A psychologist explores humans’ remarkable ability—and frequent failure—to understand each other.
Nicholas Epley’s stomach churned as he waited to meet the biological father of his adopted son and daughter from Ethiopia. He couldn’t imagine the man’s emotions as he prepared to release his children to Epley and his wife. When they met, the man cried—but out of sadness, joy, or what, Epley could not know. There were smiles and hugs, but with disparate languages and life experiences, the meaning of those gestures and expressions remained out of reach. “Our minds were so far apart and there was nothing I could do to bridge that,” Epley says. “It’s so easy to misinterpret what the tears meant, what the hug meant. I didn’t know.”
A Chicago Booth behavioral psychologist, Epley studies the human capacity to understand other people’s minds. We’re pretty good at it, displaying “social intelligence” that distinguishes our species. The problem is, we think we’re better at it than we really are.
Epley discusses his new book on the subject, Mindwise: How We Understand What Others Think, Believe, Feel, and Want (Alfred A. Knopf), in an interview with the Magazine, edited and adapted below.
Thought experiments Married couples are slightly better than chance at predicting each other’s thoughts in our experiments, but they think they’re markedly better than chance. Same thing with lie detection. We’re better than chance but not nearly as good as we think we are.
Of two minds Other people have thoughts, feelings, beliefs, or attitudes, but if we remain disengaged from them, we tend to think of others as relatively mindless. So bosses in firms, for instance, tend to think that their employees care less about intrinsic sources of motivation—like pride, or self-respect, or doing something worthwhile—than they do themselves. They haven’t thought about what their employees want in a way that humanizes them fully.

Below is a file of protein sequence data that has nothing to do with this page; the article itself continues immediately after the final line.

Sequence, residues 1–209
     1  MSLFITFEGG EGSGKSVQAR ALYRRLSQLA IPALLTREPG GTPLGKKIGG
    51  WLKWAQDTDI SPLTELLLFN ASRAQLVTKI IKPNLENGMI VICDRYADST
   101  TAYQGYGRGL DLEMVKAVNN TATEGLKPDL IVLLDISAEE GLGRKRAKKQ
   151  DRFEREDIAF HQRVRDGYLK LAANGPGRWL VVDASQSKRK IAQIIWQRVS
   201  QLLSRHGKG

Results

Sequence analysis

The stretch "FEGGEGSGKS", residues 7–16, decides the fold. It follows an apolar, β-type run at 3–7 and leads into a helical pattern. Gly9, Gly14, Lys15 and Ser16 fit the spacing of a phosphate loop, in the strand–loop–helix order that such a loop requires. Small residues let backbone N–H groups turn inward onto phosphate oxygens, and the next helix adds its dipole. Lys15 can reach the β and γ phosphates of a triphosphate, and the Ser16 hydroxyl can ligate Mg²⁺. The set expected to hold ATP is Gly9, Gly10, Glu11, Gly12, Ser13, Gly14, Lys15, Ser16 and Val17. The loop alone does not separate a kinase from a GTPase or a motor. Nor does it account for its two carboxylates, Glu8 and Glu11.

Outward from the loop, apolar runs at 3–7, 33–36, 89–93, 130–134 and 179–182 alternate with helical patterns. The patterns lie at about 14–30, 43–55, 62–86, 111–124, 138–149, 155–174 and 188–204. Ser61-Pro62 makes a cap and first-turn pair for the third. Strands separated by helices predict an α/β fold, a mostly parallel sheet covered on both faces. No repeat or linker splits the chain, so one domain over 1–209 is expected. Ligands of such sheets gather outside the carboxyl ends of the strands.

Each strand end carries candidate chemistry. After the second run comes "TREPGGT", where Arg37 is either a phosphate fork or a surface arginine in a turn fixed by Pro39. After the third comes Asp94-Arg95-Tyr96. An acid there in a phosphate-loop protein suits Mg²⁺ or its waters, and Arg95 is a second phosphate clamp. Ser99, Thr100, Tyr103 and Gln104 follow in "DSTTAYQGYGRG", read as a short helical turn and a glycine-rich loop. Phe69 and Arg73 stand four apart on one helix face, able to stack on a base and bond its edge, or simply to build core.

Group think Stereotypes, contrary to popular opinion, are actually a very good source of accuracy. They’re one of the things that get our accuracy levels above chance. But the problem with defining groups by their differences is that you tend to overlook their similarities. When you ask Republicans, they tend to think Democrats have more extreme views than they actually do, and vice versa. We get the direction of differences right, but the magnitude may be way off.
The limits of body language I rode on the train this morning. There was a huge range of emotions on that train. Everybody looked the same. Body language conveys emotion only to the extent that you’re willing to express it, and we just don’t express nearly as much as we think we do.
Quieter than words We tend to assume simple correspondence between people’s actions and their thoughts. I think the most compelling example, at least from recent years, is people’s understanding of Hurricane Katrina. You’ve got a category 5 hurricane bearing down on New Orleans, and some people chose to stay. That’s what it seems like. The language was some people “chose” to stay. But if you look at their situation, it was radically different from those who left. The people who stayed were much poorer, much less likely to have a car. They had much narrower social circles because they were poor, so they didn’t know people who lived out of town that they could stay with. You don’t have a choice there.
A mile in their shoes In [research into] negotiations, we have you put yourself in the shoes of the opposition. We don’t find that people gain insight, that they’re better able to predict what the other side wants, how they’re going to act, what their intentions are. It’s still an open empirical question, but we’ve tried over and over again and we just don’t find evidence that this bit of mental gymnastics, trying to put myself in your shoes, increases accuracy.
Say you, say me If you can’t actually be in somebody’s shoes, you have to get their perspective directly, and you do that through language. A person’s mind comes through their mouth. That’s it. That doesn’t mean it’s simple. When my kids lie, I want to know what the truth is, and they might be afraid to tell me. Getting perspective requires asking questions and putting people in a position where they can tell you the truth.
You are a mind reader, born with an extraordinary ability to understand what others think, feel, believe, want, and know. It's a sixth sense you use every day, in every personal and professional relationship you have. At its best, this ability allows you to achieve the most important goal in almost any life: connecting, deeply and intimately and honestly, to other human beings. At its worst, it is a source of misunderstanding and unnecessary conflict, leading to damaged relationships and broken dreams.